But jumping to another regular code part instead of going to an error handler is not the usual way of handling errors. To address the possibility to handle errors on
MoveNext, change the code like this:
Private Sub btnAddRecord_Click() Dim nameStud As String Dim rstStud As DAO.Recordset Dim rstGroupStud As DAO.Recordset Set rstStud = CurrentDb.OpenRecordset("tbl_02_Students", dbOpenSnapshot) Set rstGroupStud = CurrentDb.OpenRecordset("tbl_03_GruopsStudents", dbOpenDynaset) ' *** rstStud With rstStud Do Until .EOF = True nameStud = !nameStud On Error GoTo UpdateError ' *** rstGroupStud With rstGroupStud .AddNew !idGroup = Me.id_GroupFrm !nameStud = nameStud ' nameStud .Update End With rstGroupStud.Close Me.frm_03_GruopsStudents_tbl.Requery Exit Sub continue_loop: On Error GoTo MoveNextError .MoveNext Loop End With CleanUp: On Error Resume Next rstStud.Close Set rstStud = Nothing Exit Sub UpdateError: Resume continue_loop MoveNextError: MsgBox Err.Description Resume CleanUp End Sub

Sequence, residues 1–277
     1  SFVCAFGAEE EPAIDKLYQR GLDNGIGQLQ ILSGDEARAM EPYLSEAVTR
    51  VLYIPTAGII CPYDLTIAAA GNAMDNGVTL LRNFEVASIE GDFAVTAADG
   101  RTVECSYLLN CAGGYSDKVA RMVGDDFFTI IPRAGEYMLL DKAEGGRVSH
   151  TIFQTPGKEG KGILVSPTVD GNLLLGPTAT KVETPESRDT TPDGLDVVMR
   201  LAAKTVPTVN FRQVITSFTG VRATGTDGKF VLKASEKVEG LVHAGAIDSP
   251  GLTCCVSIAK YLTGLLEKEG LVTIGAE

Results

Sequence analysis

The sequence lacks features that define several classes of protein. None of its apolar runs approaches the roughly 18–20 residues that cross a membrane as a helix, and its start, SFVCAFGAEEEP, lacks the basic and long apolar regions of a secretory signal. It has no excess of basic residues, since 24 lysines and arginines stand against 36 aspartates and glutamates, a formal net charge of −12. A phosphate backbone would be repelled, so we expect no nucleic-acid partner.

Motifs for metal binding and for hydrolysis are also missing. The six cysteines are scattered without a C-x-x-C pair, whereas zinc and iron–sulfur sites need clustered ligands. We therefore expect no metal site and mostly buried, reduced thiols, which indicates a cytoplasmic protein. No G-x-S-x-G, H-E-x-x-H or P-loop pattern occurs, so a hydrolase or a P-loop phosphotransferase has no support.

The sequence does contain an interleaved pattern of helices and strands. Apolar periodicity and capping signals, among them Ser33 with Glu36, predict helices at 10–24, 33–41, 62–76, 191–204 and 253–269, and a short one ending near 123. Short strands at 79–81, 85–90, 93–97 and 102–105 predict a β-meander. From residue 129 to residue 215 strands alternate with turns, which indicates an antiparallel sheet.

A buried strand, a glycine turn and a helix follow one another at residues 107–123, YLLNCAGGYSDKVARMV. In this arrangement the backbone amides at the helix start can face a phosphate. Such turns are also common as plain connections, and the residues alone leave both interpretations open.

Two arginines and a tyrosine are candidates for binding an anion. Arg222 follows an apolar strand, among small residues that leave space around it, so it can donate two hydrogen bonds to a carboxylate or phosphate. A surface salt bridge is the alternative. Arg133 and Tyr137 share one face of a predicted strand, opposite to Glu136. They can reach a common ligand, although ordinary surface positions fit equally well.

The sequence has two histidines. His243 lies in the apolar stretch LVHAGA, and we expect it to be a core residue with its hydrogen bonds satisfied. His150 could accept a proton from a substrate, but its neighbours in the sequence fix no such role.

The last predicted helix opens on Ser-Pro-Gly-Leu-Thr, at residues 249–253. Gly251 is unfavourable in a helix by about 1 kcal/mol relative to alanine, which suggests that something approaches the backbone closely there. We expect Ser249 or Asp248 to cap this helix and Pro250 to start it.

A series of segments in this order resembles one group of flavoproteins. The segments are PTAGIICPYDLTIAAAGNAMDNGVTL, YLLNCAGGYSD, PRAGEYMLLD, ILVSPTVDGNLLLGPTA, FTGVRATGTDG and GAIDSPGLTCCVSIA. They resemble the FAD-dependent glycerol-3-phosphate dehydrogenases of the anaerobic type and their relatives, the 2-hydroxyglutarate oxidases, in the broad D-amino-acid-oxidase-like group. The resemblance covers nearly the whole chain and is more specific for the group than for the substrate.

This pattern is extensible. You can add as many error handlers as required.
set_error_handler - Manual, If the error-handler function returns, script execution will continue with the next statement This error code is not included in error_reporting, so let it fall It appears that errcontext is (in effect if not literally) created by taking $GLOBALS and� The problem of this error handling pattern is that there is no enforcement from a compiler. It is up to you on what and how your function returns an error. You can put an error struct in any
Error Handling, does not work to handle errors. You should also be familiar with the four main ways to deliver an error in Node.js: throw the error (making it an exception). pass � But you can change this and instruct Excel to allow your code to deal with run-time errors. NOTE : I’m going to use the terms sub, function and procedure interchangeably.
Error Handlers, Mule throws a messaging error (a Mule error) whenever a problem occurs within description appears in the browser for two reasons: The default error handler� About the contributors. Link provided by the UtterAccess community.. Handling Access Errors with VBA; UtterAccess is the premier Microsoft Access wiki and help forum. See also